Cincinnati, Cleveland, Baltimore, Atlanta and Tampa, Fla., offer the most favorable tax structures for businesses among U.S. cities/locations with populations exceeding 2 million, according to a study released today by KPMG LLP, the audit, tax and advisory firm. To view the full report, visit https://www.competitivealternatives.com/tax.
Of the 51 large international cities highlighted in the study, Cincinnati, Cleveland, Baltimore, Atlanta, and Tampa all placed in the top 20 globally – ranking ninth, 11th, 12th, 13th and 14th, respectively. Among the 10 countries in the study, the U.S. ranked seventh in terms of favorability of its overall tax structure for business.
“While a number of large U.S. cities rank favorably internationally, Cincinnati and Cleveland, in particular, fared well because of Ohio’s tax structure and total business costs,” said Christine Bustamante, principal in the Global Location and Expansion Services practice of KPMG LLP. “Cincinnati’s low property-based taxes, coupled with no state corporate income tax and Ohio’s tax credits applicable to video game production help reduce the effective tax rate for the digital services sector, contributing to both cities’ relatively low corporate tax burdens.”
KPMG’s 2016 Competitive Alternatives: Focus on Tax study is a global comparison of the total tax burden that companies in 111 cities throughout 10 countries may face, including corporate income taxes, capital taxes, sales taxes, property taxes, miscellaneous local business taxes and statutory labor costs – contributing to the study’s Total Tax Index (TTI).
According to the study, Cincinnati had a TTI of 73.2, representing tax costs 26.8 percent below the U.S. baseline of 100.0, followed by Cleveland (78.8), Baltimore (81.0), Atlanta (81.6), and Tampa (81.6), rounding out the top-five favorable large U.S. cities.
Other U.S. cities that ranked in the top 20 among international cities for most cost-competitive tax structure included:
Cities Ranked for Digital Services, R&D, Corporate Services and Manufacturing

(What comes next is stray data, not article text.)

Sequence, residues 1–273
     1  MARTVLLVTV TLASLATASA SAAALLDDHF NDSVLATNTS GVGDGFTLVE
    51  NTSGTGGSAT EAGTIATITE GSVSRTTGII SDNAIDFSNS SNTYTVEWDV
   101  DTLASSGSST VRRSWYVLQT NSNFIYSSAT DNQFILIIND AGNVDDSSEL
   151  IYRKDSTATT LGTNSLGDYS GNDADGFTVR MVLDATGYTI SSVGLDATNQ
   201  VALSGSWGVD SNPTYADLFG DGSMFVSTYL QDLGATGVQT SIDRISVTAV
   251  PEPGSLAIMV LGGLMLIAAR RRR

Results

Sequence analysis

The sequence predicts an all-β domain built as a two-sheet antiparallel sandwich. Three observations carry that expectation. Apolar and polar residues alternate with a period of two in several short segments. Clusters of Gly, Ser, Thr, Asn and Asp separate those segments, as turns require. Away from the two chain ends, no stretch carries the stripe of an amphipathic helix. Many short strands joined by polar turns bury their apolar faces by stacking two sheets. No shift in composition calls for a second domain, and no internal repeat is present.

The 2016 Competitive Alternatives: Focus on Tax report also highlights which countries and cities offer the lowest tax burdens for business based on industry sectors, including digital services, research and development (R&D), corporate services and manufacturing.
As a location for digital services, Cincinnati (58.4), Cleveland (60.7), Tampa (67.7), Orlando (68.4) and Miami (68.7) topped U.S. cities in the large-city category for most cost-effective tax structures. The U.S. ranked fifth globally for digital services.
“Approximately one-fourth of states in the U.S. offer significant incentives to the digital media industry, making this a highly competitive sector in which to achieve top rankings,” said KPMG’s Bustamante.
Atlanta (77.1), Detroit (77.5), Cincinnati (77.5), Tampa (77.8) and Pittsburgh (79.5) were the top-five large cities in the R&D sector for most favorable tax structures, contributing to the sixth-place ranking of the U.S.
“Results for R&D operations are heavily influenced by local tax incentives provided for R&D-related activities, especially since the U.S. federal R&D credit is now permanent,” said Bustamante.
The U.S. ranked fifth for most cost-effective tax structure for corporate services, which reflects results for two model businesses: a professional services operation and a support services operation. Kansas City, Mo., (83.2), Tampa (83.8), Atlanta (83.9), Orlando (84.3), and Cincinnati and St. Louis tied at 84.5, represent the top large U.S. cities for the corporate services sector.
“Total taxes on corporate services operations usually closely reflect statutory labor costs, given the high significance of labor among total costs in this sector,” said Bustamante. “Property tax costs for downtown office space are also an important influence in rankings for this sector.
For manufacturing operations, where property taxes and taxes on equipment and capital are of greater importance, the five large U.S. cities providing the most cost-effective tax structures for business were Baltimore (73.1), Cincinnati (74.7), Atlanta (79.4), Charlotte (80.0) and Pittsburgh (80.3). The U.S. ranked eighth overall.
Bustamante added: “While the strong American dollar relative to other currencies and the high tax costs in our nation’s cities used for the baseline are the reasons the U.S. ranked eight out of 10 for manufacturing operations, a number of individual U.S. cities rank ahead of cities in Australia, Germany and Italy."
RESULTS FOR KPMG’s 2016 COMPETITIVE ALTERNATIVES FOCUS ON
(U.S. cities with populations of more than 2 million)
Virginia, Metro DC
York City, NY
The total tax index is a measure of the total taxes paid by corporations in a
particular location and industry, expressed as a percentage of total taxes paid
by similar corporations in the United States baseline cities (New York City,
Los Angeles, Chicago and Dallas-Fort Worth).Thus the United States has a total tax index of 100.0, which represents the benchmark against which the other countries and cities are scored.
These results are part of KPMG’s global 2016 Competitive Alternatives study, which measured business location costs in 111 cities in 10 countries. The complete 2016 global study is available online at www.competitivealternatives.com.
KPMG LLP, the audit, tax and advisory firm (www.kpmg.com/us), is the U.S. member firm of KPMG International Cooperative (“KPMG International”). KPMG International’s member firms have 174,000 professionals, including more than 9,000 partners, in 155 countries.